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Old 26-09-2021, 08:57   #1
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Can you use Starlink on a boat?



Hi folks,

does anyone know more about this statement?

SpaceX is working on a “ruggedized” version of its Starlink dish designed to work outside cars, boats , and planes and in harsh climates. SpaceX filed an application with the FCC on Tuesday to operate the so-called “high-performance” Starlink dish. (Dated 04.08.2021)

https://uk.pcmag.com/networking/1348...ats-and-planes


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Old 26-09-2021, 09:02   #2
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Re: Can you use Starlink on a boat?

Been wondering about this too
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Old 26-09-2021, 09:13   #3
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Re: Can you use Starlink on a boat?

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Originally Posted by Dirk01 View Post


Hi folks,

does anyone know more about this statement?

SpaceX is working on a “ruggedized” version of its Starlink dish designed to work outside cars, boats , and planes and in harsh climates. SpaceX filed an application with the FCC on Tuesday to operate the so-called “high-performance” Starlink dish. (Dated 04.08.2021)

https://uk.pcmag.com/networking/1348...ats-and-planes


Cheers
Dirk

Probably, because how would it know if its on a car or on a boat?
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Old 26-09-2021, 09:24   #4
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Re: Can you use Starlink on a boat?

Right now, no, it will not work on boats. Eventually yes, it will. When that will be is hotly debated, but my money is that it will not be soon.
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Old 26-09-2021, 09:38   #5
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Re: Can you use Starlink on a boat?

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Originally Posted by wholybee View Post
Right now, no, it will not work on boats. Eventually yes, it will. When that will be is hotly debated, but my money is that it will not be soon.
This is a comment I am in agreement with 100%.
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Old 26-09-2021, 09:42   #6
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Re: Can you use Starlink on a boat?

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Originally Posted by David Ess View Post
Probably, because how would it know if its on a car or on a boat?
I can't follow your post, sorry.

Another statement (a passage out of the linked url):

"SpaceX is calling for the FCC to grant the license as soon as possible. Other FCC applications from the company has also indicate the company is working on another next-generation Starlink dish that will use a smaller antenna than the current model."

A little bit smaller and covered like the actual sat-connections should work. Maybe on a catamaran and in calm weather (or waiting for fish in the duldroms) it would greatly pass the time if you could stream youtube, tiktok & co. (not to forget the weather forcast of course).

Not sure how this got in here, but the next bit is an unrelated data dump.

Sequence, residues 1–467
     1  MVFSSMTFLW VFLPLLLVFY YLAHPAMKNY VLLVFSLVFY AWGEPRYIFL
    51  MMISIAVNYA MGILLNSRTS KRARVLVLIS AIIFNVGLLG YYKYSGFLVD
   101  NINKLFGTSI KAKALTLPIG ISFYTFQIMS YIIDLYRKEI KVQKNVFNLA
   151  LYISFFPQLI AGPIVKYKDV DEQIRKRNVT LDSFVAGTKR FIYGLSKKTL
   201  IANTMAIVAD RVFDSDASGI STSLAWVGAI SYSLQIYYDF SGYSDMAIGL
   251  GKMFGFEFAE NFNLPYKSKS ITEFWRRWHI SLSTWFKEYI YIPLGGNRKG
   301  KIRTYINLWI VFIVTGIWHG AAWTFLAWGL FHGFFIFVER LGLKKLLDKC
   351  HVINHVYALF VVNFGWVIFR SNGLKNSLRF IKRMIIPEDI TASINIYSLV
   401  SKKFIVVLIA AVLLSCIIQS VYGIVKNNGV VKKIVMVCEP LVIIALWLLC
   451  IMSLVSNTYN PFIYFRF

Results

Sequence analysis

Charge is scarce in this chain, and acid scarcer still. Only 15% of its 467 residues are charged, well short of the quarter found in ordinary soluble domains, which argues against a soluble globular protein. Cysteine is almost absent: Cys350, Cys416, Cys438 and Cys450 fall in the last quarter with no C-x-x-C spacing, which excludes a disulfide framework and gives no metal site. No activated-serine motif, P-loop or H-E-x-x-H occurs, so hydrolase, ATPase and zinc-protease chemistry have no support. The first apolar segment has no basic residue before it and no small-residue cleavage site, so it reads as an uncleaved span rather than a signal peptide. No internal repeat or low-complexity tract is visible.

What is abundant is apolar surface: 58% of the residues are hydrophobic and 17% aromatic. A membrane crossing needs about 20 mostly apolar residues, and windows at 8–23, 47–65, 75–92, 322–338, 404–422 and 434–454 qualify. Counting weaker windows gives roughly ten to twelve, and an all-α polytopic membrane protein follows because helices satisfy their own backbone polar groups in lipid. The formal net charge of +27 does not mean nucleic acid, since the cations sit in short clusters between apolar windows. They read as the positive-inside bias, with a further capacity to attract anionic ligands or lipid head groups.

Ahmm, the weather forcast only for planning if there's enough time for a complete series
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Old 26-09-2021, 09:49   #7
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Re: Can you use Starlink on a boat?

No. They currently need connection to satellite and ground station (or two). In the future they plan to deploy enough satellites to provide multiple connection points making a ground station unnecessary. ETA end of 2022 if I recall. However, the tracking and stability on a moving platform will still need to be overcome...
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Old 26-09-2021, 09:54   #8
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Re: Can you use Starlink on a boat?

Yes you can use it on a boat.
No, you won't get service outside of your assigned "cell" unless you apply and are accepted for a different address, so using it on a cruise isn't possible yet.
Hopefully next summer the system will allow connections wherever we want to go.
The existing dish is quite small and rugged enough for us. Would it stand up to green water? No, but any green water that high on our boat would damage all sorts of things.
It is happy in winds of 35knots and driving rain without loosing the connection.
I don't know how much more rugged it needs to be for a sailboat.
Probably more rugged is needed on vans that potentially could see the equivalent of 100 plus knots.
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Old 26-09-2021, 10:16   #9
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Re: Can you use Starlink on a boat?

I use Starlink on a 83' powerboat. Big waves or big wakes will cause a disconnect for seconds to minutes. But the current antenna is durable. Before I had the antenna bolted down, but after activating it, a sudden storm blew it into the river. I let it drip dry overnight and it was fine the next day. Download is about 200mbps. I hope the speed stays with mobile antennas.
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Old 26-09-2021, 10:50   #10
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Re: Can you use Starlink on a boat?

StarLink finished the launching the first shell of satellites and has now paused launches.

They are building a next generation of satellites that have laser communication links between each other. This will allow dishes in remote places to communicate from satellite to satellite until the link can get to a ground station. This is needed for remote access, be it on a boat, aircraft, vehicle, or land based station, that does not have direct communication from dish to satellite to ground station and thus the Internet.

For boats, planes, trains, and vehicle applications, stabilized and low power dishes will be needed to maximize usage, but that is not rocket science to build.

I think we would have gotten our dish by now if not for the chip shortage that is going to take years to work our way through...

Later,
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Old 26-09-2021, 13:38   #11